UK postal workers win landmark legal victory over changes to their pay schedule

The Post Office subjected its employees to the unlawful deduction of wages, a tribunal found.

Postal workers in the UK have won a landmark legal victory after an employment tribunal ruled that changes to their pay schedule could not be imposed without their explicit consent.

In a case that is expected to have implications elsewhere, the Communication Workers Union (CWU) took the Post Office to tribunal on behalf of Philip Gower and Julie Donnelly after announcing in 2016 that it intended to move 1,230 employees onto a new monthly salary schedule. It had traditionally paid them on a weekly basis.

Although Gower and Donnelly said they had emphatically rejected the move before it came into effect, the Post Office claimed they had accepted it as both continued to attend work and receive pay. It added that they had implicitly agreed to the change as they had failed to make it clear they were “working under protest” and had accepted loans from their employer.

But the tribunal rejected the argument and ruled that, by not paying its staff members each week, the Post Office had subjected them to an unlawful deduction of wages. It also found that Gower and Donnelly were entitled to be paid every week, and that for every Friday they were not paid, the Post Office was in breach of contract.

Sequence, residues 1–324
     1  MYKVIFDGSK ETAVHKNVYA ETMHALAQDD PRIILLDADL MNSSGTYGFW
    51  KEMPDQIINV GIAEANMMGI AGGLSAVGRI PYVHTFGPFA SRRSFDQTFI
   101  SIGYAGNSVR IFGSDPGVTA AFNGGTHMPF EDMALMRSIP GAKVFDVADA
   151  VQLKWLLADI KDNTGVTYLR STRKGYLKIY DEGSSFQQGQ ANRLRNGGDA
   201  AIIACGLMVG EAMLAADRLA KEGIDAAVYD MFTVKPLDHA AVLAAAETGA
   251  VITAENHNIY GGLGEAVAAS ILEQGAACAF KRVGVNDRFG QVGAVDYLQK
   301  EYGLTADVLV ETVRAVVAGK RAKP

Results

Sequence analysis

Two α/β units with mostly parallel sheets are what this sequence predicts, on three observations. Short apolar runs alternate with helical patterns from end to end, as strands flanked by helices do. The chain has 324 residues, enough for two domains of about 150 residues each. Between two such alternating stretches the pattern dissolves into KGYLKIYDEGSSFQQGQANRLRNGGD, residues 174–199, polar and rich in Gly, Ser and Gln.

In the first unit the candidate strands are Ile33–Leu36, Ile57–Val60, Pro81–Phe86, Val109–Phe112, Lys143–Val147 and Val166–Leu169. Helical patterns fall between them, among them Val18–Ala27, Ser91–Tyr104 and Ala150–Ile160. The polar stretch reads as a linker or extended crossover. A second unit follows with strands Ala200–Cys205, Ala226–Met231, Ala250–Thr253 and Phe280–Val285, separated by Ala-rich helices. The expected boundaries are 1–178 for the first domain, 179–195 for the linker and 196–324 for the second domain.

The tribunal also ruled that the two defendants were entitled to two weeks’ extra pay on top of their wages as the Post Office had imposed the change without amending their terms and conditions of employment in a valid manner.

After the ruling, CWU assistant secretary Andy Furey said the ruling meant that the Post Office had to obtain agreement from its employees if it wanted to change their contracts. In addition, in order to successfully introduce salary alterations, it would need to compensate those willing to make the shift.

He added that the union was planning to bring other similar claims and urged the Post Office to enter arbitration over the matter, even though it had refused to go to the conciliation service Acas last time.

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